Terri | 19506 comments Ben wrote: "I think extremely highly of Tim Severin as a writer when it comes to his voyages. Read them all, some several times. But he should stick to nonfiction, IMHO. I couldn't get past page 20 or so of hi..."

I suspect I will suffer a similar fate with the first book, Ben.
I find it hard to believe that the writing I struck in his Corsair book that made me run away as fast as I could from his fiction, could be totally different in the Viking series.


message 14: by Terri, Wyrd bið ful aræd (new)

Terri | 19506 comments After all these years of owning it, I have finally started Odinn's Child (Viking, #1) by Tim Severin

Only 30 pages in. I like the writing better than his Corsair series but there hasn't been much dialogue yet and it is Severin's dialogue that I have issues with. The one section of dialogue in 30 pages had glimmers of what I didn't like in his Corsair series, modern and not terrific. Early days however...


message 15: by Terri, Wyrd bið ful aræd (last edited Sep 25, 2012 03:11PM) (new)

Terri | 19506 comments I am up to page 100 of Odinn's Son.
I can see why many people cannot get into these Viking books of Severin's.
There is a distinct absence of any dialogue of value. There is a narrator. The main character. Who is old and talking about his life.
It feels more like he is telling a Saga. There is little character interaction, little dialogue. There is also, heavy detail, page after page, and I feel I only about know the world these Northmen are living in and not actually who these Northmen are.
If only Severin could include more character development, especially through dialogue, this might be a very good book.


message 16: by Chris F (new)

Chris F | 419 comments Terri wrote: "I am up to page 100 of Odinn's Son.
I can see why many people cannot get into these Viking books of Severin's.
There is a distinct absence of any dialogue of value. There is a narrator. The main ch..."


I tried the first one in this series a few years back and couldn't get into it, can't remember why. I do remember being disappointed though as I had loved reading many of his travel/adventure books.


message 17: by Terri, Wyrd bið ful aræd (new)

Terri | 19506 comments It nearly is one of his travel/adventure non fiction. lol. It is verging on non fiction because it is all description and no character development.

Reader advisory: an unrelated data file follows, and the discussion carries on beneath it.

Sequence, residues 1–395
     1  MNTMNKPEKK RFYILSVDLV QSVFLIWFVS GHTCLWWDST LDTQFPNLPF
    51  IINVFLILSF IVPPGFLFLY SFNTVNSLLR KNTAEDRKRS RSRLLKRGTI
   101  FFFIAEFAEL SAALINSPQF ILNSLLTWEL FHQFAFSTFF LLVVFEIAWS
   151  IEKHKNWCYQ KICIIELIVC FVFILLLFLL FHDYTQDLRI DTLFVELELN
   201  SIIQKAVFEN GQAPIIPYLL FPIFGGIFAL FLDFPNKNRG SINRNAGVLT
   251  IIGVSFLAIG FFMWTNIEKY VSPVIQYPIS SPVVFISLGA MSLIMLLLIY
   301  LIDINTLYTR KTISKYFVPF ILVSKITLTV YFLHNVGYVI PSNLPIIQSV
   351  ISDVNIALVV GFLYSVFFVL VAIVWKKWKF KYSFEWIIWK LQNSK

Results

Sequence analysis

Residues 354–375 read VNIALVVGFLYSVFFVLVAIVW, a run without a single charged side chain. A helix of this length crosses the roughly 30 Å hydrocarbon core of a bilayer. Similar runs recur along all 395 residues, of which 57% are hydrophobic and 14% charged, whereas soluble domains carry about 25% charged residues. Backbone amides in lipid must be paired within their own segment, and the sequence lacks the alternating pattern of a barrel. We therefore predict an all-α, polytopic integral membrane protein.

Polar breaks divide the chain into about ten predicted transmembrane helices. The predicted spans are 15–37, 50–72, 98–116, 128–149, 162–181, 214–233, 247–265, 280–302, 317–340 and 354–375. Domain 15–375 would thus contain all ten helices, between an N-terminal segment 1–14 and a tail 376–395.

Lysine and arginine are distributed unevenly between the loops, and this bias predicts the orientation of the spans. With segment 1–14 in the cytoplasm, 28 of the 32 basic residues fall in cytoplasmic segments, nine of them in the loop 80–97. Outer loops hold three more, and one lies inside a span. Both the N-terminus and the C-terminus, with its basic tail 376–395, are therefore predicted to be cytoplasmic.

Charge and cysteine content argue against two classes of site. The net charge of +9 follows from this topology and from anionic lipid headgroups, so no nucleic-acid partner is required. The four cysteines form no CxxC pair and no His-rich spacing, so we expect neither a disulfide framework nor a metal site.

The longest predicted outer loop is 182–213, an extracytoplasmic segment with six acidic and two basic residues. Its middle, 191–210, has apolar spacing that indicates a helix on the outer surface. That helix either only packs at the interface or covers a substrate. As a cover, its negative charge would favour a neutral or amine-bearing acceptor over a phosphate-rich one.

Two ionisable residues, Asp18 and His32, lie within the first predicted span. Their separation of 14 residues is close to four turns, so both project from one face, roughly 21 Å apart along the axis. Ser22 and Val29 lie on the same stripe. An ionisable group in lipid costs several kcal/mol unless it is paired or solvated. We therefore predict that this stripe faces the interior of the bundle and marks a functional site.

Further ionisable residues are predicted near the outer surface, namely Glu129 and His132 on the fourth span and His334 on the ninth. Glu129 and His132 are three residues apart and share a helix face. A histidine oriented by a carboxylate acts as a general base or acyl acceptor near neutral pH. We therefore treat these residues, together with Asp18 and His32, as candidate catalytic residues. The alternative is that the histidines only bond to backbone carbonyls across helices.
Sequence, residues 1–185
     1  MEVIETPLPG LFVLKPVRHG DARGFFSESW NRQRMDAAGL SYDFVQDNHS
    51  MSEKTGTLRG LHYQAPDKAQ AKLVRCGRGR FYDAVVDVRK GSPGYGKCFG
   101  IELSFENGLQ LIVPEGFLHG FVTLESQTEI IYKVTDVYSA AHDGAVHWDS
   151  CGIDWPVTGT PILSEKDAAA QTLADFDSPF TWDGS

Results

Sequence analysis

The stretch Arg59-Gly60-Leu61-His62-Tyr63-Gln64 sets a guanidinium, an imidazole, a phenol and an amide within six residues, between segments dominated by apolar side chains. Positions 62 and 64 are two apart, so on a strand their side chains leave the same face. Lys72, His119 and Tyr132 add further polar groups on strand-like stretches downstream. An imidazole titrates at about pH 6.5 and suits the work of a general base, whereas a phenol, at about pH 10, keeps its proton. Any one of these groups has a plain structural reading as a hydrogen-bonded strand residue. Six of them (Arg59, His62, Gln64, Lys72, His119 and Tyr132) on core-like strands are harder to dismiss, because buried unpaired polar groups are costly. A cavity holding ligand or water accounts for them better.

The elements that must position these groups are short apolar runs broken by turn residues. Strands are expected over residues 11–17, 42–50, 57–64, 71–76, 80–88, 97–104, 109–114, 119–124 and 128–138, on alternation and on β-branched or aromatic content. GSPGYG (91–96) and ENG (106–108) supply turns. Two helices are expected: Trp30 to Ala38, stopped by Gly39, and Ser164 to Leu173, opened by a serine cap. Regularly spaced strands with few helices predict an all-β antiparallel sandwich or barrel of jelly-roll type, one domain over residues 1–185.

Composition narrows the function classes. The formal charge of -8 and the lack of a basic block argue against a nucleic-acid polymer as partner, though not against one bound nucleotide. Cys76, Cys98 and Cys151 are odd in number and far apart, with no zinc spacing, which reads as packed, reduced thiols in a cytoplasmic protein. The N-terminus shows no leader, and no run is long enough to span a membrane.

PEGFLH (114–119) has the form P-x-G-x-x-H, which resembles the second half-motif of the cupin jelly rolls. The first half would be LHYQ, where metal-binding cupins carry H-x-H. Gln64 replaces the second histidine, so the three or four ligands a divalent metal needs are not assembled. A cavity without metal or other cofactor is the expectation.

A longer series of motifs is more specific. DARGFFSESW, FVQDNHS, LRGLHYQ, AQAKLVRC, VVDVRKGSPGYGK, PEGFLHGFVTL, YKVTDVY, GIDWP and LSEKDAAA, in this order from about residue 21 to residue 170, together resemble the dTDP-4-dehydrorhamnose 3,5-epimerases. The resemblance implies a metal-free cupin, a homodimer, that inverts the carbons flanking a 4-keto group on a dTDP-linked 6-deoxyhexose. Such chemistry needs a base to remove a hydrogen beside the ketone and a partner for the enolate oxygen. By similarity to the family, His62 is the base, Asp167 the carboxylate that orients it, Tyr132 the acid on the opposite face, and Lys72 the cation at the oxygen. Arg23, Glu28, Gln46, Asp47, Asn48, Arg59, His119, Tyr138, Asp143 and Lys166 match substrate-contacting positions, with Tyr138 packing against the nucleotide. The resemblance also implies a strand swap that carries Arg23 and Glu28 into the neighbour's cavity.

message 18: by Justin (new)

Justin (jmlindsay) | 323 comments Now I'm wavering again on whether I should start it. It may have just slid a bit further to the bottom of Mount To-be-read.


message 19: by Terri, Wyrd bið ful aræd (new)

Terri | 19506 comments It is hard going, and would you believe..historical fantasy. Or at least on the cusp of, which is annoying me as I like rational explanations in my Historical fiction and sometimes I can't rationalise some of the fantasy scenes this author has included.
I wish authors would stick to truth and not include the unrealistic into historical fiction.


message 20: by Lee (new)

Lee Broderick | 482 comments You're doing a fantastic job of ensuring that I can soon click on that "not interested" button in my GoodReads recommendations.


message 21: by Terri, Wyrd bið ful aræd (new)

Terri | 19506 comments Well give me some more time and see what I can do about clinching that action.

It is written well, mind. He seems to write excessive description with some skill. I have no idea what his dialogue and character interaction is like though. I am yet to meet it.


message 22: by Lee (new)

Lee Broderick | 482 comments Well, not exactly the criticisms I was expecting before you began to read it!


message 23: by Terri, Wyrd bið ful aræd (new)

Terri | 19506 comments I actually surprised myself.
It won't be 4 or 5 star, likely a 3, but I was expecting to give it 1 or 2, so, strike me pink! How did that happen!


message 24: by Lee (new)

Lee Broderick | 482 comments There are strange goings on in the world.


message 25: by Terri, Wyrd bið ful aræd (new)